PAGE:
The first ‘image’ of an omicron shows much more spikes than a delta variant

The protein responsible for recognizing the “human receptor and virus entry into cells” was analyzed from “the sequence of this new variant that has contributed to the scientific community (…) from Botswana, South Africa and Hong Kong” afp_tickers

This content was published on November 28, 2021 – 17:25


The omicron variant of the coronavirus that causes covid-19 shows much more mutations than the delta strain, according to its first “image”, created and published by the Bambino Gesù Hospital in Rome.

In this 3D ‘image,’ which is similar to mapping, ‘it is clear that the omicron variant presents many more mutations than the delta variant. [que presenta asimismo un gran número de mutaciones], is concentrated mainly in a region of a protein that interacts with human cells,” the team of researchers explained in a statement published on Sunday.

“This does not automatically mean that these differences are more serious, simply that the virus has adapted again to the human species, giving birth to another species,” the researchers said. Other studies will tell us whether this adaptation is neutral, less dangerous, or more dangerous.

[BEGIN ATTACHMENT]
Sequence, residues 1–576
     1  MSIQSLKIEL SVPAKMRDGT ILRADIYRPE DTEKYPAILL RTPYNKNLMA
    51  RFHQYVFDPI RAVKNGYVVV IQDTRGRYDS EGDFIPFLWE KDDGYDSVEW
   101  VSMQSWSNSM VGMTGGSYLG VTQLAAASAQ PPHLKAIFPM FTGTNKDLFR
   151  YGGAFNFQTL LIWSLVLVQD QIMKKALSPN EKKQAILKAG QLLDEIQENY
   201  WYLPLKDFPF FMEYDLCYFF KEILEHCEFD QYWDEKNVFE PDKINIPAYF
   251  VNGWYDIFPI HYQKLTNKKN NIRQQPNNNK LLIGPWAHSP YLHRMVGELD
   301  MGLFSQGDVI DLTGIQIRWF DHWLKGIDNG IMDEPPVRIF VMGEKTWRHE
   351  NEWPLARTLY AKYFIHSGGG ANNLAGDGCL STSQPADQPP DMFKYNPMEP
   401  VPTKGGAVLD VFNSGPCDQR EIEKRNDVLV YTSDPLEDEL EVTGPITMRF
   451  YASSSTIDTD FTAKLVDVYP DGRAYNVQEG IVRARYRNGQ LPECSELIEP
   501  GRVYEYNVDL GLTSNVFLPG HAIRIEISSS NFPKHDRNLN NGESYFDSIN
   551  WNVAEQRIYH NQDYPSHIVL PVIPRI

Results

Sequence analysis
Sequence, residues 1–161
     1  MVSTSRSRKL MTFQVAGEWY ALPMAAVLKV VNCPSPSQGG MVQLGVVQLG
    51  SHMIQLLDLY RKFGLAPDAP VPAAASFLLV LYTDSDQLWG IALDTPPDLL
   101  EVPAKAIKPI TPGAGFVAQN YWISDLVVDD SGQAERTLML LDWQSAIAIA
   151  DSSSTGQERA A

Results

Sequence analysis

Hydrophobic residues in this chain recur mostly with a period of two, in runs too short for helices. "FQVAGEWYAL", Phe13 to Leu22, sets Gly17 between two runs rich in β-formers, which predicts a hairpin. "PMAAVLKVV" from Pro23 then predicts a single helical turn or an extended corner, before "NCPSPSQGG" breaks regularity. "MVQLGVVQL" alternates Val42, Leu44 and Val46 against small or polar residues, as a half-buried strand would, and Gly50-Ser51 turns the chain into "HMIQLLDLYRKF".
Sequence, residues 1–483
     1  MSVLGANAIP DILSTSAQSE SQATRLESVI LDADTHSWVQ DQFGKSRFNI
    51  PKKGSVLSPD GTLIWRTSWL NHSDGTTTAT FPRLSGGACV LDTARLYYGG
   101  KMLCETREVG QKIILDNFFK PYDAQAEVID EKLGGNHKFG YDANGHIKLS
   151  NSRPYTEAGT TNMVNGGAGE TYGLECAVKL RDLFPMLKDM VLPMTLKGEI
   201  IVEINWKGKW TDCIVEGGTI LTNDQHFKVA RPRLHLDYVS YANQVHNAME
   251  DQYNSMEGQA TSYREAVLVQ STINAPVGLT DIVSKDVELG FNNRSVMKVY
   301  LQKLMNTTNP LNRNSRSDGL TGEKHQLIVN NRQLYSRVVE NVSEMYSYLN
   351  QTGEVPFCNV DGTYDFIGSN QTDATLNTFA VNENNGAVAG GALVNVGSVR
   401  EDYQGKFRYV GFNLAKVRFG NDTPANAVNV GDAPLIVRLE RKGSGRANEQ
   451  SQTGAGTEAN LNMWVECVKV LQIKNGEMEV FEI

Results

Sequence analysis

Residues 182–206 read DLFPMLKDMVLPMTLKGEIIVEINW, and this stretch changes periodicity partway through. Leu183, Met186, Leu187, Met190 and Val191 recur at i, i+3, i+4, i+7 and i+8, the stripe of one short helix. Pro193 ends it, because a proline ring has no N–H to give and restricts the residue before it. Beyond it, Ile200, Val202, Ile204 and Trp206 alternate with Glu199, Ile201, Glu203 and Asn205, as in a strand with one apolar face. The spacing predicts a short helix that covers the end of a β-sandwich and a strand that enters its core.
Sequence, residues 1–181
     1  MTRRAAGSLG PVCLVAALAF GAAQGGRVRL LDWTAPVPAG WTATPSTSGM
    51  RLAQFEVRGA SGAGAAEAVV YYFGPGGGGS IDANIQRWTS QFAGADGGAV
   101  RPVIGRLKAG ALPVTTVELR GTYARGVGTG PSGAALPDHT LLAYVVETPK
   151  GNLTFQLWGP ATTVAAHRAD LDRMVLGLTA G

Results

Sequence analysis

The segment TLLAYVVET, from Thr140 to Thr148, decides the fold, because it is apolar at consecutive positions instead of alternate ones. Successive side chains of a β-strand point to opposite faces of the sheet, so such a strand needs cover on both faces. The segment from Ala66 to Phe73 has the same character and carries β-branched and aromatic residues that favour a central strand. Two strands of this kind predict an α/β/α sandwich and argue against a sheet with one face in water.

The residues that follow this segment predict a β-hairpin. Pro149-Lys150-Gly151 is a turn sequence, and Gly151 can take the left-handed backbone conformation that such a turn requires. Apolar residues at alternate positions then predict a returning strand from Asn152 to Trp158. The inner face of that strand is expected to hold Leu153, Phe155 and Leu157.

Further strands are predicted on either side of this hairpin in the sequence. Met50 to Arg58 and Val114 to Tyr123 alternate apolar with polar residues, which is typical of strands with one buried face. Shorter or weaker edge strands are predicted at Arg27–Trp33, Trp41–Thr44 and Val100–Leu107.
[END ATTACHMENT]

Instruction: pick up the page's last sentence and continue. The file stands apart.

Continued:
The research team at the prestigious Bambino Gesù Foundation focused on looking for mutations at the level of the “three-dimensional structure of the spike protein,” explained to AFP Claudia Altieri, professor of clinical microbiology at the University of Milan and researcher at the aforementioned Roman Hospital.

This protein, which is part of the virus “which is being studied with the greatest interest”, is “responsible for the recognition of the human receptor and the entry of the virus into cells.” “In the boom in which monoclonal antibodies and, of course, vaccines work,” he stressed.

The image was created “from a study of the sequence of this new variant which has contributed to the scientific community” mainly from “Botswana, South Africa and Hong Kong”.

“This image, which is a bit more of a map of all variants, describes omicron mutations but does not specify the role,” according to Claudia Altri.

“Going forward, it will be important to determine, through laboratory trials, whether the combination of these combinations could have an effect on the transmission or efficacy of vaccines, for example,” he said.

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